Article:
The following is excerpted from three pages of the Congressional Record, Proceedings and Debates of the 107th Congress, First Session, Washington, Monday, April 2, 2001, Vol. 147, No. 46:

ACT OF 2001—Resumed
The ACTING PRESIDENT pro tempore.
The Senator from Kentucky.

Who wins?
As I said the other day, who wins are people such as Jerome Kohlberg. This is the billionaire who has decided this is going to be his legacy. This is the full page ad he ran in the Washington Post the other day on behalf of this legislation. I suspect a lot of the lobbyists out in the hall right off the Senate floor are either on his payroll directly or indirectly. People such as Jerome Kohlberg and the big charitable foundations are underwriting the reform movement, hand in hand with the editorialpages of the Washington Post and the New York Times, which have editorialized on this subject an average of once every 6 days over the last 27 months.

At least in the Senate, they are going to get their way shortly, but this new world won’t take a penny out of politics, not a penny. It will all be spent. It just won’t be spent by the parties. It will be spent by the Jerome Kohlbergs of the world and all of the interest groups out there. As everyone knows, the restrictions on those interest groups will be struck down in court, if we get that far.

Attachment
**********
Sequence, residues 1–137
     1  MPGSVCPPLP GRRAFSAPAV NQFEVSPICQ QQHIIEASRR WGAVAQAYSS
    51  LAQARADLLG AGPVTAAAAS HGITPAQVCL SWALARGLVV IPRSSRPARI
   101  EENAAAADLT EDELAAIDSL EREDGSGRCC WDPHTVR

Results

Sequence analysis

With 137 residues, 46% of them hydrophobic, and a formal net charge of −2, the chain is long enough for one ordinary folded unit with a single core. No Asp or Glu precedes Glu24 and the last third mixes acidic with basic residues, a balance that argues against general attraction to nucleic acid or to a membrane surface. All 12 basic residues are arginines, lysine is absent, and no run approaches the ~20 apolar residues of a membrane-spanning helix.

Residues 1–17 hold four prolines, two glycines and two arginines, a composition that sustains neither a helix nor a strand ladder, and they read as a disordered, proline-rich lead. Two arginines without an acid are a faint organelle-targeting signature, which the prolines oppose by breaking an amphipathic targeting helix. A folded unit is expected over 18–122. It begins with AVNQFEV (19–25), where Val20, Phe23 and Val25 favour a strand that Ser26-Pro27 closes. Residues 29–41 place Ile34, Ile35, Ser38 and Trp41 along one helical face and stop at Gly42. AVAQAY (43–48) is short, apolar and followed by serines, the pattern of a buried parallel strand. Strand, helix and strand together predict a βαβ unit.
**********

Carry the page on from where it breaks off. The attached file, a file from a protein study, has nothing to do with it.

Welcome to the brave new world where the voices of parties are quieted, the voices of billionaires are enhanced, the voices of newspapers are enhanced, and the one entity out there in America, the core of the two-party system, that influence is dramatically reduced. I strongly urge our colleagues to vote against this legislation. It clearly moves in the wrong direction.